Wednesday, March 21, 2018

Handling divided by zero in SQL

One of the messages that annoys me the most is "Attempt to divide by zero". I am sure every programmer, no matter, what language they use, has encountered this at least once. It frustrates me is there is not much we can do to fix the error once it has happened. It annoys me that this can be handled very well within the program to prevent the error.

Before I get started I know there are a couple of different ways the division calculation can be described, I did check. I will be using the following:

 ``` Result = Dividend / Divisor ```

It is the Divisor that must be zero for this error to occur, as:

 Dividend Divisor Result 0 2 0 2 0 Error!

In RPG the bad calculation looks like:

 ``` Result = Dividend / Divisor ; ```

If this is placed within a MONITOR group the error is handled and I can give Result any value I want.

 ```monitor ; Result = Dividend / Divisor ; on-error ; Result = 0 ; endmon ; ```

In this example if the division fails the Result variable will be changed to zero.

This is, of course, an over simple example. I could have checked if Divisor was equal to zero before performing the division. One of the wonderful things about RPG free format is that I can have multiple calculations on one line, so Divisor could be made up like:

 ```Result = VAR1 / ((VAR2 + VAR3 + VAR4) * VAR5) ; ```

Using the monitor group just becomes easier the more complex my calculation gets.

I mentioned SQL in the title of this post so let me get to that. To get the most of using SQL you need to think of groups of data, not at the record level as you do with RPG. If I wanted to recalculate a column on a table I would use an Update statement.

 ```exec sql UPDATE QTEMP.TESTTABLE SET COLUMN3 = COLUMN1 / COLUMN2 ; dsply ('SQLCOD = ' + %char(SQLCOD)) ; ```

This is SQL embedded in a RPG program so I can use the display operation code to show the SQL code variable. If this statement encounters a divide by zero situation I would see this:

 ```DSPLY SQLCOD = -802 ```

Looking up that code I see that it is used for "Data conversion or data mapping error". If I look in the job log and prompt the SQL0802 message I can see that it was a divided by zero error.

 ```Message ID . . . . : SQL0802 Severity . . . . . : 30 Message type . . . : Diagnostic Message . . . . : Data conversion or data mapping error. Cause . . . . . : Error type 8 has occurred. Error types and their meanings are: 8 -- Division by zero. ```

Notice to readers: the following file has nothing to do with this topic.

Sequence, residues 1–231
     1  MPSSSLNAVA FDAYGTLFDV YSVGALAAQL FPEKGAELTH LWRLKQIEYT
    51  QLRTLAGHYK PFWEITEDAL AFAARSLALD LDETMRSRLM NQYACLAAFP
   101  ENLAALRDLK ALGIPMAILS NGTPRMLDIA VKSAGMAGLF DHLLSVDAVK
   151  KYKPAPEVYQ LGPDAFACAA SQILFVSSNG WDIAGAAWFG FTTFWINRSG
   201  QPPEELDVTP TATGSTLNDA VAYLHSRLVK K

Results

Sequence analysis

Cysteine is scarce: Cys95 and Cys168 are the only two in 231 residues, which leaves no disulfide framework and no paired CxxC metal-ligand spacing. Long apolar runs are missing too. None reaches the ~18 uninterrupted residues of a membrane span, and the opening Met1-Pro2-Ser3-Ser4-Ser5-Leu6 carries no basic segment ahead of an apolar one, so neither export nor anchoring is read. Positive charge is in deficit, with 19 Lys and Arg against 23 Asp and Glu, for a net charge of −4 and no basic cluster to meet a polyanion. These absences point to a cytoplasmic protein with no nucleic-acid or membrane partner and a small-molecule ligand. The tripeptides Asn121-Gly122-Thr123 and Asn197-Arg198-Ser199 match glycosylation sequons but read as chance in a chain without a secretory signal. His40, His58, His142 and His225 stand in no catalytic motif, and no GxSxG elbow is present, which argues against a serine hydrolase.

As the error was found in the second row, only the first row was changed. The statement ends when the error is encountered and the second and later rows are unchanged.

 ``` COLUMN1 COLUMN2 COLUMN3 1 2 2 1 2 1 0 21 3 0 1 20 4 4 2 19 ```

I could have used this statement, only performing the calculation if COLUMN2 is not zero.

 ``` exec sql UPDATE QTEMP.TESTTABLE SET COLUMN3 = COLUMN1 / COLUMN2 WHERE COLUMN2 <> 0 ; ```

The problem is that in any row where COLUMN2 is zero, COLUMN3 will still contain the old value.

I have to confess I found this solution in a forum discussing Microsoft SQL. As SQL is pretty universal I was not surprised to find that this will work for Db2 for i too.

The premise of this statement is any number divided by null will be null.

 ```exec sql UPDATE QTEMP.TESTTABLE SET COLUMN3 = COLUMN1 / NULLIF(COLUMN2,0) ; ```

In this statement the NULLIF function changes the value of COLUMN2 to null if it contains zero, and the result of the division is null.

When this statement is run the SQL code is zero, as the error was handled. My table now looks like:

 ``` COLUMN1 COLUMN2 COLUMN3 1 2 2 1 2 1 0 - 3 0 1 0 4 4 2 2 ```

The hyphen ( - ) in COLUMN3 in the second row indicates null.

What would I do if COLUMN3 does not allow null values or I want to use another value to indicate that an error was encountered?

I would use the IFNULL function, to converts null to whatever value I give in the second parameter.

 ```exec sql UPDATE QTEMP.TESTTABLE SET COLUMN3 = IFNULL(COLUMN1 / NULLIF(COLUMN2,0),0) ; ```

So the NULLIF prevents the divide by zero error by converting COLUMN2 to null. The IFNULL, in turn, converts the null result of the division to -1. My table now looks like:

 ``` COLUMN1 COLUMN2 COLUMN3 1 2 2 1 2 1 0 0 3 0 1 0 4 4 2 2 ```

By using these approaches we can all stop the divide by zero from ever happening again!

This article was written for IBM i 7.3, and should work for earlier releases too.

1. awesome sauce!

2. This is great info as usual but imagine coming across an un-commented IFNULL / NULLIF statement in a late night debugging session...

1. It would be a lot better to encounter that than the "Divide by zero" error, which is why you are debugging the program in the first place ;)

3. Why not use commitment control in the first place?!

1. I do not use commitment control in these posts as these examples are just that, examples. And I am running in a test environment on a test box.

Feel free to use commitment control if you make your own version of these examples.

Disclaimer policy

4. Just another idea, using a CASE-Clause:

Update YourTable
set YourColumn = Case When (a + b + c + d) <> 0
Then X / (a + b + c + d)
Else YourColumn End
... WHERE conditions;

5. Sergio L Puentes-ValladaresJuly 2, 2019 at 1:00 PM

Buenisimo

6. Nice explanation

7. Great Simon. These are gems
Thanks
Andrea DD

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